Introduction and Goals

Social/Ethical Issues


Project Details

Evaluation and Conclusion



The possible use of electronic steganography by terrorist and other ill-intentioned groups is of great concern to various law-enforcement agencies and officials. The zealous seeking of steganographic content used for illegal purposes poses serious threats to the personal privacy and reputations (both personal and professional) of innocent individuals.

One chilling example that recently occurred was the fate of Muzaffar Wandawi, a self taught artist living in the Netherlands. [1][2][3] In October 2001, various news services picked up a story that a "former National Security Agency instructor" had uncovered evidence on the Internet that al-Qaeda terrorists were hiding messages of the September 11th attack within images of paintings and posters on the Internet. The paintings were the work of Mr. Wandawi. Additionally, the "expert" stated that the images proved that they were planning a widespread biological attack against the United States and that Mr. Wandawi had intimate knowledge of these attacks since he had created these paintings with hidden messages. The reports and coverage in various United States newspapers and media outlets caused the United States government to issue a warning of heightened awareness for a potential terrorist attack. Upon further investigation, however, it was shown that Mr. Wandawi had no connections to terrorist groups and that there were no hidden messages within his paintings.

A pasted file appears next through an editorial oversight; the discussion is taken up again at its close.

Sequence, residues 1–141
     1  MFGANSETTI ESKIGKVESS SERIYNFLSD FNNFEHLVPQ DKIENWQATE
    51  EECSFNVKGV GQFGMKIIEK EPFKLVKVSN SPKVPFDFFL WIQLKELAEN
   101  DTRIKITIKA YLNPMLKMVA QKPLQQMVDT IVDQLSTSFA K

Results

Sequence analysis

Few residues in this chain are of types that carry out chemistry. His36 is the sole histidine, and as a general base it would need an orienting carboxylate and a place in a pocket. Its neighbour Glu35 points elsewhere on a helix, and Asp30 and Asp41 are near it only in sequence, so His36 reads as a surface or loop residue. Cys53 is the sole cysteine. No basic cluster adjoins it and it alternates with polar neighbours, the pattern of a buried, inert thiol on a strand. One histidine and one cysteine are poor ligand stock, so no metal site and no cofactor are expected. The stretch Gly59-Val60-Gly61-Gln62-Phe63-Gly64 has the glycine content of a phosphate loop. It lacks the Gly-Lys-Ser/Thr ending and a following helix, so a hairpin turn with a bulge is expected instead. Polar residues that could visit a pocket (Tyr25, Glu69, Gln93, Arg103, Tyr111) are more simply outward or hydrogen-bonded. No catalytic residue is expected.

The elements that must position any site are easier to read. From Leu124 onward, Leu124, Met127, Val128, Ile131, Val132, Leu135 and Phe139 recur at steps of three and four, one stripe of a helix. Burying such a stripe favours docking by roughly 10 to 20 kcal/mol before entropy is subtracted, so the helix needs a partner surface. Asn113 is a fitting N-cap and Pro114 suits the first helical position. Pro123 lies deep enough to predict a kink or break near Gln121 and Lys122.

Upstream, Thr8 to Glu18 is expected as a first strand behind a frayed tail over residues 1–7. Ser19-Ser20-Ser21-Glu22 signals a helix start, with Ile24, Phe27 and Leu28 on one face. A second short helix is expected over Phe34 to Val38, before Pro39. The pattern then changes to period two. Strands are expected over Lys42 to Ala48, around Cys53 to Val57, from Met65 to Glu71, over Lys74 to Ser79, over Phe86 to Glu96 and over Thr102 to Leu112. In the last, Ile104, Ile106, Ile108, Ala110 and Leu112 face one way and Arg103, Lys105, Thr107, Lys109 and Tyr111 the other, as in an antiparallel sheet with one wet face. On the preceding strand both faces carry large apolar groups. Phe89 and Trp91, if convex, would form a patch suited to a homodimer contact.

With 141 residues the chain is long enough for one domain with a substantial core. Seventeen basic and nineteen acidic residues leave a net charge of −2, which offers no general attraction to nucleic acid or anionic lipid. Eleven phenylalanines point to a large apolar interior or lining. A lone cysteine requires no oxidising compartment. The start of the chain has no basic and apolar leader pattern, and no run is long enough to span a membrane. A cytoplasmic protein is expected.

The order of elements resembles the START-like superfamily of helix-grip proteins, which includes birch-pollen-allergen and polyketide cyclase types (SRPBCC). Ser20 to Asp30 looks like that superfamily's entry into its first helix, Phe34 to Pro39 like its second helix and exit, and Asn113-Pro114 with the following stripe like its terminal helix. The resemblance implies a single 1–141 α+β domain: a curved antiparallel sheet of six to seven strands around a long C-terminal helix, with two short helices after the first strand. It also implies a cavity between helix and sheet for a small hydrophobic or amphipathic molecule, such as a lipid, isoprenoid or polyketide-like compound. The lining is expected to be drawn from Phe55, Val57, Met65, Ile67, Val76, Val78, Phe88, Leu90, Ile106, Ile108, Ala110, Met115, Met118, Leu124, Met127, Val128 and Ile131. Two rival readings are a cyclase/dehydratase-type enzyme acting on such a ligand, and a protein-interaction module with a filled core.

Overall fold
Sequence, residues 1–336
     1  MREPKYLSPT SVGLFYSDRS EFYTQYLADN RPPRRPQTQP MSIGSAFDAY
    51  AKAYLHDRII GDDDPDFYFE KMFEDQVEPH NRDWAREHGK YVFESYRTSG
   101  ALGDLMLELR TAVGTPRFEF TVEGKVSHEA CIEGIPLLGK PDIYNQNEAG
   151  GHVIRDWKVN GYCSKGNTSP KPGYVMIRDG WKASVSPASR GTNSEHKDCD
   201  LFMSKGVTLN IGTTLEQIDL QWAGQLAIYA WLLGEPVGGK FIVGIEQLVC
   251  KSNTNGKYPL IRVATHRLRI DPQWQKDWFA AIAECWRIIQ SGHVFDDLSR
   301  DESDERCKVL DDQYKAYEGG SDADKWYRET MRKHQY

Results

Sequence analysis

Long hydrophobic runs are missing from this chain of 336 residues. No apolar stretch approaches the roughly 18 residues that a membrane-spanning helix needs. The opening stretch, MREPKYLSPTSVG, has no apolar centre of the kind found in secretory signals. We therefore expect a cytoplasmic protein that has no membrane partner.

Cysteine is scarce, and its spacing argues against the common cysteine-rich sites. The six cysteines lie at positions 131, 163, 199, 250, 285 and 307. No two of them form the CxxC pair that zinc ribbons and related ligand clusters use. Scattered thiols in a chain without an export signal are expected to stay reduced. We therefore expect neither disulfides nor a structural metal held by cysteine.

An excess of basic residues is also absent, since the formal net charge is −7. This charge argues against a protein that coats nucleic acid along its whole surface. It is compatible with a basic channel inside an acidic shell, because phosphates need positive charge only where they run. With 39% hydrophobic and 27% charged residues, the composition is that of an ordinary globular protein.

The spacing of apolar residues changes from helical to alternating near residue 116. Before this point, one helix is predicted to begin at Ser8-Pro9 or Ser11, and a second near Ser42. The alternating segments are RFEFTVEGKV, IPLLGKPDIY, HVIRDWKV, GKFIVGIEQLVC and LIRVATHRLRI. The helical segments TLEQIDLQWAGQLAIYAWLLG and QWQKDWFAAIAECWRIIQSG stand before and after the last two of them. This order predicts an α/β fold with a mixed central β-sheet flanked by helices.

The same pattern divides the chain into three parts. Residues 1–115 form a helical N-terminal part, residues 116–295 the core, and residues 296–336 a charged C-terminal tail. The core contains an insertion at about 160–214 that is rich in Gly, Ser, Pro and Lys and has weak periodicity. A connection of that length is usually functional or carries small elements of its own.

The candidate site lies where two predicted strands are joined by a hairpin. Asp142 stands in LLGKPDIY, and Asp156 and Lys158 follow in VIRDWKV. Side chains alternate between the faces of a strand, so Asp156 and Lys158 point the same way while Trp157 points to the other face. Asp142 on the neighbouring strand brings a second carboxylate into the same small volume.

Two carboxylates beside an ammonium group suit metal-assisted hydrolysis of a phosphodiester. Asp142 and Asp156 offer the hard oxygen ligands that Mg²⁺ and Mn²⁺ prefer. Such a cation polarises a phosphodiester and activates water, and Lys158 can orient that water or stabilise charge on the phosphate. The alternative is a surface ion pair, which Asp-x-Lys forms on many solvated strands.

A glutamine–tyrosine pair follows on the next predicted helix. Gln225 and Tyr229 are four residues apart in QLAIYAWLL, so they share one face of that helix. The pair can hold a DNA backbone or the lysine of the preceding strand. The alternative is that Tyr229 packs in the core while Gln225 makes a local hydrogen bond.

However, steganography cannot be thought of as something inherently evil. The commercial uses that are being developed and the boon to personal privacy and security far outweigh any excuse that it should be controlled and actively scanned for in order to prevent terrorists (or anyone else for that matter) from using it. The effort involved in keeping track of all the ways that a message could be hidden would be astronomical and futile to say the least.

The concepts of computer security are currently in uncharted territories that are being mapped as we proceed. For computer security professionals faced with dealing with potential terrorist threats, the challenge is in understanding the threats, determining which ones are substantiated with evidence and which ones are urban legends or just plain wrong. Unfortunately, with the ever-shifting landscape these threats are changing on an almost daily basis. Urban legends that have been circulating the Internet for years, i.e. envelopes sent through the mail contain deadly biological agents, can suddenly and tragically turn into reality. Although there have yet to be a single steganographic image found on the Internet, one can easily imagine how quickly the landscape will change again if an image is found containing credible evidence of a future terrorist attack. Are terrorists using the Internet for covert communications? Unfortunately, until credible evidence is found that they are, the only answer these days is "maybe, but it's nothing new".

[ Back ] [ Next ]